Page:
Photo: Gaby Ramos-Diaz wrestles Ronna Heaton in the Dave Schultz Memorial finals. Photo by Richard Immel.
Gaby Ramos-Diaz is a freshman at Wayland Baptist University in Plainview, Texas, with the potential to make a big impact in the WCWA.
Ramos-Diaz hails from Catano, Puerto Rico, where she was successful as a Junior-level wrestler. She represented Puerto Rico at the 2016 Junior World Championships in Macon, France, where she finished 13th, and the 2017 Junior World Championships in Tampere, Finland, where she took eighth.
She also owns a pair Junior Pan American Championships bronze medals from 2016 and 2017.
This fall, Ramos-Diaz came to the United States to pursue a collegiate wrestling career after she was discovered by Wayland Baptist head wrestling coach Aaron Meister at the Cadet and Junior National Championships in Fargo, N.D.
“I never thought I would get to come to the United States to wrestle here and study at the same time,” she said. “I went to Fargo once and Coach Meister saw me and he reached out to me to be a part of his team. I looked at a few schools and Wayland Baptist was a school that really pursued me, so it was an easy choice.”
Shortly after arriving to Texas, Ramos-Diaz’s world was flipped upside-down when Hurricane Maria, one of the deadliest hurricanes of the season, made landfall on her beloved country on Sept. 20.
It’s consider the worst natural disaster to ever hit Puerto Rico.
Ramos-Diaz was out of contact with her family, while trying to navigate a new setting.
“Emotionally, I was destroyed because I couldn’t talk to my family for about three weeks,” she said. “I was worried sick, and that affected me a little bit in my training. I was always checking my phone to see if my mom or dad called. It was a hard three weeks. At the end of it all, they’re OK. That’s really what matters.”
Fortunately, she had a great support system in her coaches, teammates and fellow Puerto Rican, Andribeth Rivera, who is a WCWA champion for Campbellsville University.
“I can only think of how hard that could be for a freshmen to be so far away from home at the time of crisis. She's gets along with everybody, so having the team to hang out with and talk with helped. She showed great focus, and maturity through that time,” Meister said.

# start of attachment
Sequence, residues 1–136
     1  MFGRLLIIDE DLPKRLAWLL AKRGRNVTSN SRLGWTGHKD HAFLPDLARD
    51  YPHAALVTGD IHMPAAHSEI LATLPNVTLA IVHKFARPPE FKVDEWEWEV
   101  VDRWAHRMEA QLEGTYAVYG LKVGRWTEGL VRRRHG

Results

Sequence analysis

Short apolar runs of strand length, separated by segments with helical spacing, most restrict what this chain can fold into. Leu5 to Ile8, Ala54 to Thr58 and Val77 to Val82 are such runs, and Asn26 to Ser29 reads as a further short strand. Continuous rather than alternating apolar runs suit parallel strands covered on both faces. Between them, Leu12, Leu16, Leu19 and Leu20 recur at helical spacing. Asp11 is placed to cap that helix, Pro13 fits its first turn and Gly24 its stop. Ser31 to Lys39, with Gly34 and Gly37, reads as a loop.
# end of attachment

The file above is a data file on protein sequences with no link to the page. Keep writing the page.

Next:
On top of the worries that came with Hurricane Maria, Ramos-Diaz admits that it was a struggle adjusting to her new life in the U.S. for several reasons.
“Coming into the United States, it’s a big, big change. First language then culture. There are some similarities but not many,” she said. “I feel like sometimes the language barrier is my biggest struggle. Also, I don’t know the moves and techniques in English, so I have to get used to words like single-leg, double-leg or drag arm. There are a lot of things I still don’t know, but I’m learning.”
Not knowing the wrestling terms in English hasn’t slowed her down one bit on the mat.
Ramos-Diaz has won three collegiate tournaments so far this season and has stood atop the podium for two Senior-level events.
“My season is going pretty good because I’ve been able to wrestle multiple times in a lot of tournaments. It’s good for me because back home, I don’t get to wrestle that much,” Ramos-Diaz said. “I think the thing that impresses me the most is that I’ve learned how to control my matches and wrestle smarter. My biggest adjustment to college wrestling was my stance. My stance was horrible but right now it’s getting a lot better.”
She began the season with a win at 116 pounds in the Oklahoma Open in October in Oklahoma City and followed it up with a championship performance at 116 pounds at the tough Missouri Valley Open in mid-November in Marshall, Missouri.
Most recently, she took the top prize in front of a home crowd at the Wayland Baptist Invitational, wrestling at 123 pounds.
Since November, Ramos-Diaz has won gold at two Senior tournaments.
“I thought that if I could wrestle Junior Worlds, then I can wrestle in other Senior tournaments. I think I picked up the courage to keep on going and motivating myself to push forward,” she said.
The first tournament victory came in early-November when she won the 55 kg/121 lbs. weight class at the 20th Annual Dave Schultz Memorial International in Colorado Springs, Colo.
She defeated 2015 Cadet World champion and 2016 Cadet World silver medalist Ronna Heaton in the finals with a solid 10-6 decision. Heaton is a freshman at Grays Harbor College in Aberdeen, Wash.
“It felt great because I never thought I was going to wrestle Ronna at that tournament,” Ramos-Diaz said. “She’s really good. I remember thinking that one day I really want to wrestle with her because she has some good wins. It was a really good opportunity to get to wrestle her. I feel like I’m at the same level now.”
This weekend, she wrestled her way to a spot on the Puerto Rican Senior World Team and is set to represent P.R. in the Senior World Championships in Budapest, Hungary, next year.
“To be on the Senior Team for Puerto Rico means more experience and more responsibilities,” she said. “I want to show that I can hang with the best on the Senior level around the world. I never thought I would make it this far in my wrestling, but here I am. I did it. Now, I just have to keep working harder and accomplish my dreams.”
Until then, she will turn her attention back to the college season with her eyes fixed on a national title in February at the WCWA Championships, hosted by Oklahoma City University.